The Great Ad Repository in the Sky
As 2001 draws near, the graphic arts community must improve the digital ad exchange process.
There are few dates that conjure such mystique as 2001. Maybe 1984 was one; 1776 is another. If you happen to be English, 1066 has major significance. The only difference between these dates is that 2001 has not yet arrived. So, why am I enamored with 2001? Hope. For I hope that 2001 is the year in which the graphic arts industry finally gets its act together and makes strides to implement universal digital ad delivery.
In searching for a means to a digital ad end, we must look at the current standings. Today, we see computer-to-plate (CTP) entering its second generation; those printers that have not yet embraced the technology are, in fact, actively obstructing the process; it's no longer a matter of being cautious adopters. To think that there are mutterings about printers charging premium rates for analog-captive customers, when just five years ago, printers were charging elevated rates for CTP!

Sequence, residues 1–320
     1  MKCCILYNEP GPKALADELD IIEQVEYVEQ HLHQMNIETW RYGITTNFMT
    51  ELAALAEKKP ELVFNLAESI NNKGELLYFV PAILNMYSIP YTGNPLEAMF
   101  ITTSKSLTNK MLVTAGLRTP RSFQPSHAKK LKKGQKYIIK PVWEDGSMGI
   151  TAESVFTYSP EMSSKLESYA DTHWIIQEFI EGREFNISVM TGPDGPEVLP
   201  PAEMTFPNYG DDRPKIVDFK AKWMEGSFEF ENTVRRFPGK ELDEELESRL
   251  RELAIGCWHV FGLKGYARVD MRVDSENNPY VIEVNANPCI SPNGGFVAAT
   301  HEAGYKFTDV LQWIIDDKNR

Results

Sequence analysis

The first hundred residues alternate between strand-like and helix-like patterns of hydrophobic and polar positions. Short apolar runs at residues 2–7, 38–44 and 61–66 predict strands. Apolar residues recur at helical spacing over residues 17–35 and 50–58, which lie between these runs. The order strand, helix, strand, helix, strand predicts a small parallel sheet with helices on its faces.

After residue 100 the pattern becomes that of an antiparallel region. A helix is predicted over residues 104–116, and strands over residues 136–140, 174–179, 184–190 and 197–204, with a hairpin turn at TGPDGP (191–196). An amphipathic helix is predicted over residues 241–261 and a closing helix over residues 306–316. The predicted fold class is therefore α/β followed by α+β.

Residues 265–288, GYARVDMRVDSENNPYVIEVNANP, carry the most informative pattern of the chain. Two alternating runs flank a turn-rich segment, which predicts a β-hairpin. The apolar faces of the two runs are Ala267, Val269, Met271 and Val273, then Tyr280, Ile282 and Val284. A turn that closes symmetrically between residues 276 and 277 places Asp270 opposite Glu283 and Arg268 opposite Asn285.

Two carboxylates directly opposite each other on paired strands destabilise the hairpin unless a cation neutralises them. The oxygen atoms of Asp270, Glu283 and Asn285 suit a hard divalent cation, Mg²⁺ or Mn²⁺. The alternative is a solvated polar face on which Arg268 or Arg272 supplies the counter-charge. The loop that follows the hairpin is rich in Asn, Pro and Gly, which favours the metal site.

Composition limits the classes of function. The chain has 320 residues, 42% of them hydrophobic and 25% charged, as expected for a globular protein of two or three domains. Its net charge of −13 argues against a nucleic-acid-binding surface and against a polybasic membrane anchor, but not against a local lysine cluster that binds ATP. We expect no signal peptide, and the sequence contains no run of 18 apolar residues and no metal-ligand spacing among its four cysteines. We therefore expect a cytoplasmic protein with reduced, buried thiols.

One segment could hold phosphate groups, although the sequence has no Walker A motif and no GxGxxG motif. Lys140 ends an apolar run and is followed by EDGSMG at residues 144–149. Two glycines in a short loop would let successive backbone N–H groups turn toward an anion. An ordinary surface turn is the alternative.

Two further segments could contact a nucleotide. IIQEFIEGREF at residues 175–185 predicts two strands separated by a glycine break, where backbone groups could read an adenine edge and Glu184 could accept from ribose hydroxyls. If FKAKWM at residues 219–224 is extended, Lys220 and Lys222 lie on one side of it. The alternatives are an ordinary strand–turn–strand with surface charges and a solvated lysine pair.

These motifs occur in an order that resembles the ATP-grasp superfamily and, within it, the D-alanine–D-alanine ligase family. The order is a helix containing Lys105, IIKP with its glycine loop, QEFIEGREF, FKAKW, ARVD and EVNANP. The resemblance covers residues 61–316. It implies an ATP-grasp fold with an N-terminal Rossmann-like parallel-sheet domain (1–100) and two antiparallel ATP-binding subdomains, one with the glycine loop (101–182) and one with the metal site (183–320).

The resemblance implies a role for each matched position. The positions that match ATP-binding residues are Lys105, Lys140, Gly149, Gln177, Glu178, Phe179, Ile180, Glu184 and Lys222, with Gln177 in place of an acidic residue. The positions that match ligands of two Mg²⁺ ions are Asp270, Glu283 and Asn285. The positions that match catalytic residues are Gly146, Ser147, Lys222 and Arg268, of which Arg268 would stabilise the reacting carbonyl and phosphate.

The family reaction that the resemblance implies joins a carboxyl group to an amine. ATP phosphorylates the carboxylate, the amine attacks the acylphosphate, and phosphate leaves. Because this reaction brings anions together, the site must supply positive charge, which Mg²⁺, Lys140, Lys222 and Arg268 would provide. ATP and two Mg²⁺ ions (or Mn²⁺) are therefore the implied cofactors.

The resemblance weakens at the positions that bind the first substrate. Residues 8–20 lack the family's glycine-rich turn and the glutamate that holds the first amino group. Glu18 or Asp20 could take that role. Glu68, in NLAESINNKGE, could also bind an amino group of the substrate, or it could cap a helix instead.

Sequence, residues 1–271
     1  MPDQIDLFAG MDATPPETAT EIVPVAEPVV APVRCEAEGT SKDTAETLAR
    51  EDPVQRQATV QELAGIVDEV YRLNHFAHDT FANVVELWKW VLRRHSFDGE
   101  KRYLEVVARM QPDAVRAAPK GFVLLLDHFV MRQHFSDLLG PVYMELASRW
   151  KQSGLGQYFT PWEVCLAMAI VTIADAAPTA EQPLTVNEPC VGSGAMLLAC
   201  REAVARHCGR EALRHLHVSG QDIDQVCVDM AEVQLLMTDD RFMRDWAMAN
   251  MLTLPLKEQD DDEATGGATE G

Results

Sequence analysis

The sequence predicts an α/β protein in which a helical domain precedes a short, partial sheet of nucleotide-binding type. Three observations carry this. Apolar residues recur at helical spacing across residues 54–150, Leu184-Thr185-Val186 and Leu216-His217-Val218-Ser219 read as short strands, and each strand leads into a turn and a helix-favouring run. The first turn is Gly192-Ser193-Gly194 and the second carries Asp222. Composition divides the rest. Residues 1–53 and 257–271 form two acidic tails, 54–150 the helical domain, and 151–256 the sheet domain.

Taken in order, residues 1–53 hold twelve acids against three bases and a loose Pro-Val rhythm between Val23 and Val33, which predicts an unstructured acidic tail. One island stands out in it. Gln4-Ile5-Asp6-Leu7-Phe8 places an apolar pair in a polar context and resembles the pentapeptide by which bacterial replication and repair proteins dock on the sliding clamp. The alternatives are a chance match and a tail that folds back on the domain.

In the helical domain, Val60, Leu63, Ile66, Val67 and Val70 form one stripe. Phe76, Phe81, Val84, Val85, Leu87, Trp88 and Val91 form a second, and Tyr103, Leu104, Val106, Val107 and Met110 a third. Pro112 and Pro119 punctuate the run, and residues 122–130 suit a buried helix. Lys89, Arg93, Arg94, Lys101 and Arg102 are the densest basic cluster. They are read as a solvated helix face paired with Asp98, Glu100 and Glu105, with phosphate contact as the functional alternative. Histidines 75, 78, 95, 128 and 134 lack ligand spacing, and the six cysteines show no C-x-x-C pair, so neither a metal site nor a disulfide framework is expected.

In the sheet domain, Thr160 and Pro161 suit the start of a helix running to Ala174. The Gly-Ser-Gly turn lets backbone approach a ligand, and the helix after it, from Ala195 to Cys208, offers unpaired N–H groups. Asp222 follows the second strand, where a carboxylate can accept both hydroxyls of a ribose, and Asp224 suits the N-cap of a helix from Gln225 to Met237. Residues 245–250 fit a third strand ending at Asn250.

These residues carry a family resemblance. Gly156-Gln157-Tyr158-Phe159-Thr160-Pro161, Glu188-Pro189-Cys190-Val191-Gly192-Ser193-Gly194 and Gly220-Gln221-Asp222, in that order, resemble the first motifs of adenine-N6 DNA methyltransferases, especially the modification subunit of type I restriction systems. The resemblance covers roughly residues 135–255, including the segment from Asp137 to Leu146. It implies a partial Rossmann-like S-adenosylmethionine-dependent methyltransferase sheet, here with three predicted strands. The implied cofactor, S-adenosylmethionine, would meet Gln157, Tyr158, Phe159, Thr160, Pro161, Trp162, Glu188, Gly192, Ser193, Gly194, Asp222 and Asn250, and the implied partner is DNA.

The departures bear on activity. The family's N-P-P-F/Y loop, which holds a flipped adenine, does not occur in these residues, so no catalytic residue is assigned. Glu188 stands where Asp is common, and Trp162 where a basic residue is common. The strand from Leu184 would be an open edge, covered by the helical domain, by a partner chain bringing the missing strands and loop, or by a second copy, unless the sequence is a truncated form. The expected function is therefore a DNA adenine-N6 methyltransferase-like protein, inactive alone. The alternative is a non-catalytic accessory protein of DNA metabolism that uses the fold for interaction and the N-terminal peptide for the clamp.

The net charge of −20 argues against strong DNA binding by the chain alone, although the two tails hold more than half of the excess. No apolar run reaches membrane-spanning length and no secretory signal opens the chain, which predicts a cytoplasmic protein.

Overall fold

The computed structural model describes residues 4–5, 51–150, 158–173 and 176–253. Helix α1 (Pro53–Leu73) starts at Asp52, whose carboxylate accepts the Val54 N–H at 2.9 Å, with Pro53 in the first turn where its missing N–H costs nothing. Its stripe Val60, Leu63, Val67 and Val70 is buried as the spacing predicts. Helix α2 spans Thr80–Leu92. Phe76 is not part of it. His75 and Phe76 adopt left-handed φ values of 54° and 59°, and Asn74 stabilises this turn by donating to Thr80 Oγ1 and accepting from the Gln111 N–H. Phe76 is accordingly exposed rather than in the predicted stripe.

There are certainly many factors affecting digital adoption. On the "dark side," we see the Internet, its magnetic power drawing in ad dollars once spent on print.
That trend will only continue to grow, and our jobs will become more complex. Agencies, more comfortable in the digital realm, will appreciate the immediacy of digital ad delivery, and may fall into a habit of sending late ads. And what if the ad was originally created for a Web site? File conversion becomes a necessary evil. A better solution would be to learn how to create "multi-
purpose" files that can be assigned format parameters just prior to output.
Then, there is the gray area: e-commerce. Just recently, we've seen a flurry of companies spring up, which promise to enable e-commerce for print. They offer all sorts of incentives to help publishers and printers become Web-enabled. These companies are attracting great interest. One only has to look at the stock market to understand the reason: "Anything.com" attracts investors' money even if the company is not immediately (if ever) profitable.